Tuesday, December 22, 2015

Mission Creek shoreline restored

Work resolves penalty for bank erosion and water quality degradation

In 2013, a Cashmere developer was fined for excavating in Mission Creek and building a retaining wall that armored the shoreline -- without appropriate permits or plans.

Now the shoreline near the Quail Lane development owned by George Valison has been successfully restored using native plantings and bio-engineering to help prevent flooding and erosion.
BEFORE: Shoreline armoring and in-stream rock constructed
 without approved plans or permits on Mission Creek in 2012
“We’re appreciative of the timeliness in which Mr. Valison has completed the restoration work,” said Gary Graff, Shorelands and Environmental Assistance Program manager with Ecology in the Central Region. “Mission Creek is an important tributary of the Wenatchee River. The restoration will improve flows for fish, and creates beneficial habitat.”

The restoration also resolves $20,000 in civil penalties associated with the excavation work conducted in Mission Creek in 2012.

AFTER:  The rock retaining wall was removed and replaced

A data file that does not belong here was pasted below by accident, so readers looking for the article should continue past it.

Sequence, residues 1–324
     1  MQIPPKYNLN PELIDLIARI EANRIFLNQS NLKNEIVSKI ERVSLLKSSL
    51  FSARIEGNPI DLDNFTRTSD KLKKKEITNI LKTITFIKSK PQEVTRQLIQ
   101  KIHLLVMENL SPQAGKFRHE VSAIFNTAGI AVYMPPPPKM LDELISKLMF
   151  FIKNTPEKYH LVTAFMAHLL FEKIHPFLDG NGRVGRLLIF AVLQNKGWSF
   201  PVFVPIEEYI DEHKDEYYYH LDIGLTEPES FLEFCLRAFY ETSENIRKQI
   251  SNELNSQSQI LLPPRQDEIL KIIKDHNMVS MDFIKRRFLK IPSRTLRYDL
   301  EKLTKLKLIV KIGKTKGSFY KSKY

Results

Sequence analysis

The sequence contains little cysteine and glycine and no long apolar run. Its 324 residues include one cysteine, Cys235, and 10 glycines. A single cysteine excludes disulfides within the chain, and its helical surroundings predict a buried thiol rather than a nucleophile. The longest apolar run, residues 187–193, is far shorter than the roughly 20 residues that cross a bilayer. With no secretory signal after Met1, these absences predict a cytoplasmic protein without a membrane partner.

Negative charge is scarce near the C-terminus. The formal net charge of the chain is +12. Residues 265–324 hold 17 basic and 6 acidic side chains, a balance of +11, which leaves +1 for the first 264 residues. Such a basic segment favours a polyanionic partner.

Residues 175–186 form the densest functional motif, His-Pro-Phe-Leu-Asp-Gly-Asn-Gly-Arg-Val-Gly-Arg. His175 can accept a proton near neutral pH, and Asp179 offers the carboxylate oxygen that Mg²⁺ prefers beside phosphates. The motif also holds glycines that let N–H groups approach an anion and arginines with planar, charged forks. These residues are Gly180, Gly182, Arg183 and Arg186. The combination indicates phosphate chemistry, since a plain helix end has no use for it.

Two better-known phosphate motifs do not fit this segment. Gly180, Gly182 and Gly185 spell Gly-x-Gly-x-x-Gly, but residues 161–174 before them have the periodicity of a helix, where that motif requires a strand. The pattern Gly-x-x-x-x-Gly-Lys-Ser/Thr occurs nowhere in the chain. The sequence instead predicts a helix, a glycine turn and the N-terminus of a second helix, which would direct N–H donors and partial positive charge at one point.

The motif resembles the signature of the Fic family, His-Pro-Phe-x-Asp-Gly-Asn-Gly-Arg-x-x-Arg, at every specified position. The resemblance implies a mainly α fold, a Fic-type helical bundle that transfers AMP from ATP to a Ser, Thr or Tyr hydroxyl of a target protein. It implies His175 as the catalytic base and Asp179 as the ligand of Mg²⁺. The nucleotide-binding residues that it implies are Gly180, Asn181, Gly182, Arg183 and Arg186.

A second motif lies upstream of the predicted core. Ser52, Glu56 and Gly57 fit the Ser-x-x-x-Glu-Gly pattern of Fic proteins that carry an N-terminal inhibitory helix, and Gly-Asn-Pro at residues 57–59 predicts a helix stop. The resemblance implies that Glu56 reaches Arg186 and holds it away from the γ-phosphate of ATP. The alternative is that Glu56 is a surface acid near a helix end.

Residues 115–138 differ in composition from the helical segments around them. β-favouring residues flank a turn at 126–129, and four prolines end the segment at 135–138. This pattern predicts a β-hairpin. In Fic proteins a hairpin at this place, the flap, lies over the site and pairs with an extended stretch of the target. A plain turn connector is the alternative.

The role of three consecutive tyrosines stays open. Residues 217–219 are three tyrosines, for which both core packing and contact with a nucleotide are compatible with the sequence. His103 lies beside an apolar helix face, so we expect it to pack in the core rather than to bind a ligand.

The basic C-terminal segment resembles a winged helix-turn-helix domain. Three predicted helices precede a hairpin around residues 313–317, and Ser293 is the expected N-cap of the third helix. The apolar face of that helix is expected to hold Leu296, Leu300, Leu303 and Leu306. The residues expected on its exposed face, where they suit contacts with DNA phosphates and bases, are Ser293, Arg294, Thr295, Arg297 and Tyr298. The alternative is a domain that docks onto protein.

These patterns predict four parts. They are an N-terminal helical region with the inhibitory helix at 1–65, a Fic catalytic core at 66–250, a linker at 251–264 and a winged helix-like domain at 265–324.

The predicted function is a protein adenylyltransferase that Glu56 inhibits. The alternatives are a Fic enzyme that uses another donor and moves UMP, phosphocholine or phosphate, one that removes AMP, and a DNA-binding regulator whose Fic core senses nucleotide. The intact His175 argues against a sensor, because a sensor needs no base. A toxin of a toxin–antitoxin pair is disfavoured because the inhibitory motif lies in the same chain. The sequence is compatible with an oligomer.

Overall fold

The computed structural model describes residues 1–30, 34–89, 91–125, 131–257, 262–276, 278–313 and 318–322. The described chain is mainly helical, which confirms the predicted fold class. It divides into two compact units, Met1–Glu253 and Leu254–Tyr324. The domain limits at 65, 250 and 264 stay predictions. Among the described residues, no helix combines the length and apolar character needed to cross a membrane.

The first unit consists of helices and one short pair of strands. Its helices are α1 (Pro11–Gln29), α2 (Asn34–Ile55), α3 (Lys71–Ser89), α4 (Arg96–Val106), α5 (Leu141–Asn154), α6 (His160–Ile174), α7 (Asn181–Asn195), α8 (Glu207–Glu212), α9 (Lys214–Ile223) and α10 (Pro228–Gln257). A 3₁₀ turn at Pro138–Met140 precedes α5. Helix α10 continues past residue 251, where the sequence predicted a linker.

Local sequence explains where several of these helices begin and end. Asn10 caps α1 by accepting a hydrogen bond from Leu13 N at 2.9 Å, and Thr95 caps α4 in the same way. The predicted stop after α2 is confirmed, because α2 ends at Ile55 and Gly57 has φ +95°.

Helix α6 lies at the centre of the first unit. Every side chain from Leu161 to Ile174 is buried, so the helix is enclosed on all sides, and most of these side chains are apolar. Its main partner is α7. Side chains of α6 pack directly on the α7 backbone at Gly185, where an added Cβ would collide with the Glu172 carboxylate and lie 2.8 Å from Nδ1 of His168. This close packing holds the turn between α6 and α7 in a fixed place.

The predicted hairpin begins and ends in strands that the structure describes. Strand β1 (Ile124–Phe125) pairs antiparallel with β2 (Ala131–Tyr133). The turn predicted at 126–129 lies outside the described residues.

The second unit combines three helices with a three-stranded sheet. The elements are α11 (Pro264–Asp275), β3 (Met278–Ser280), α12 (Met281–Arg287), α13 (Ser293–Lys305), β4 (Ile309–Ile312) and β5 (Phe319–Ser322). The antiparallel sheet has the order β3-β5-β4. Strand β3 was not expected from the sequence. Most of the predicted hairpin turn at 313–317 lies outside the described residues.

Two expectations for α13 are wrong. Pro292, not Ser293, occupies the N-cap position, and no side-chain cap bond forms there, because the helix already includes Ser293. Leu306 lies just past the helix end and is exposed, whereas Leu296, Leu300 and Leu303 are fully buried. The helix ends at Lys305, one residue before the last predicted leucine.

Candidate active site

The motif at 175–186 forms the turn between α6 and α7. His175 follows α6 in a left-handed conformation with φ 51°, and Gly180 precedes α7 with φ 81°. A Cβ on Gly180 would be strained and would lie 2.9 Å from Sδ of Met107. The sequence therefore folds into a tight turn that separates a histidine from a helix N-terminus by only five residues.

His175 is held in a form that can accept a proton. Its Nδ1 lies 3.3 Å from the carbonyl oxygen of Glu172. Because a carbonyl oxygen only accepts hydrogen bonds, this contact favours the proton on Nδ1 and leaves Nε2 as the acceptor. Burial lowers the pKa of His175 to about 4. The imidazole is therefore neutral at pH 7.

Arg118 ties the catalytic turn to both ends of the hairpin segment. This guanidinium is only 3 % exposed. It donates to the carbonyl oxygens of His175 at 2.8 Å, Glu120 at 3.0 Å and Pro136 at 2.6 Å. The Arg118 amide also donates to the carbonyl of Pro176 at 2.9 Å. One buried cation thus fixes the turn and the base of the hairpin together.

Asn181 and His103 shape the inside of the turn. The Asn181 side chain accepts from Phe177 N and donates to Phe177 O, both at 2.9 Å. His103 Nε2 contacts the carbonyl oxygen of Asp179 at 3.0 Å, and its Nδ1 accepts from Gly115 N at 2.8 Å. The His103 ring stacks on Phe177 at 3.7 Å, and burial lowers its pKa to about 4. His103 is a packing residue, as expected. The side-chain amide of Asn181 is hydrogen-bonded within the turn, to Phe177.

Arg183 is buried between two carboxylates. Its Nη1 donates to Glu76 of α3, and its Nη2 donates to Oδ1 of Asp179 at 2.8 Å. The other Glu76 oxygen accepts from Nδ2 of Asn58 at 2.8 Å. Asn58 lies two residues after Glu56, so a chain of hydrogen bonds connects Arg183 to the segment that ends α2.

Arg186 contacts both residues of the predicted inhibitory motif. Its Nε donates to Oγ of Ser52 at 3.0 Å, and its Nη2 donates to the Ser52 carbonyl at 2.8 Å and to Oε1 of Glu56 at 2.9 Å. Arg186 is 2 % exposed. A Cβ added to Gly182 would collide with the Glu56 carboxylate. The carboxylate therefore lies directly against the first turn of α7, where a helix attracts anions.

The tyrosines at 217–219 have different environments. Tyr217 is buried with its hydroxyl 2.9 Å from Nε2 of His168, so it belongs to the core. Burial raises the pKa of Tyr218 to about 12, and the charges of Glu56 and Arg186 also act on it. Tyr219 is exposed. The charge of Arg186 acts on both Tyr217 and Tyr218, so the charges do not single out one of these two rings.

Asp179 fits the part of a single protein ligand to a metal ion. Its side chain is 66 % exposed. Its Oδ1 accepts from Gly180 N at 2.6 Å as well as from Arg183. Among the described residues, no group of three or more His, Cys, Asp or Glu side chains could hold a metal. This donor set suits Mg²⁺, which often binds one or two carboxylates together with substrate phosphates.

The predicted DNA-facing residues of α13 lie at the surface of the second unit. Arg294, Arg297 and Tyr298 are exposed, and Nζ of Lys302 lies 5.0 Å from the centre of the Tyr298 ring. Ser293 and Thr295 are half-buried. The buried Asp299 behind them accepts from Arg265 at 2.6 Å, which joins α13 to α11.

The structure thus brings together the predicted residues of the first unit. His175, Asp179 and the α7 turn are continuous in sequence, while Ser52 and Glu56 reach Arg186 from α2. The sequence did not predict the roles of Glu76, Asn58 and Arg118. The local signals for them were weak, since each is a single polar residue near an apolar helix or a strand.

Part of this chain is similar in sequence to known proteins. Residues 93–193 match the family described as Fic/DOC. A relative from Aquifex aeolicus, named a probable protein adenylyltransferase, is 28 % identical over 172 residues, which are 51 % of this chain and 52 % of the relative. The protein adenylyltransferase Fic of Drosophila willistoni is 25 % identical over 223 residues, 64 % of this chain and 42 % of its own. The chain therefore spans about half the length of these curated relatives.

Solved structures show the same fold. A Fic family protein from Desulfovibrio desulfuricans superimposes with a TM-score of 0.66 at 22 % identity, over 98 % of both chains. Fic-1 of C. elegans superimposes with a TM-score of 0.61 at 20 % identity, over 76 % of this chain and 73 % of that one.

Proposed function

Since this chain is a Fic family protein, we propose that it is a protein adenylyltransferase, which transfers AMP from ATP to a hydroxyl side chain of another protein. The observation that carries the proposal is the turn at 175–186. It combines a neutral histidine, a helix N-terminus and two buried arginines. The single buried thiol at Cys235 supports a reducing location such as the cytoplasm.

with a bio-engineered approach to restore the shoreline.
Valison hired Grette Associates to obtain the local, state and federal permits to conduct in-water work necessary to restore the shoreline.

Contractors removed the rock retaining wall and this fall native plantings were installed to help restore the natural functions of the shoreline. The work completes requirements agreed to in a  2014 settlement with Ecology.

The September 2012 incident was investigated by Ecology and the Washington State Department of Fish and Wildlife in response to a citizen complaint. Ecology’s investigation found that the excavation work resulted in environmental harm, including creek bed and bank erosion, and water quality degradation in an area with sensitive steelhead and salmon habitat. 

No comments: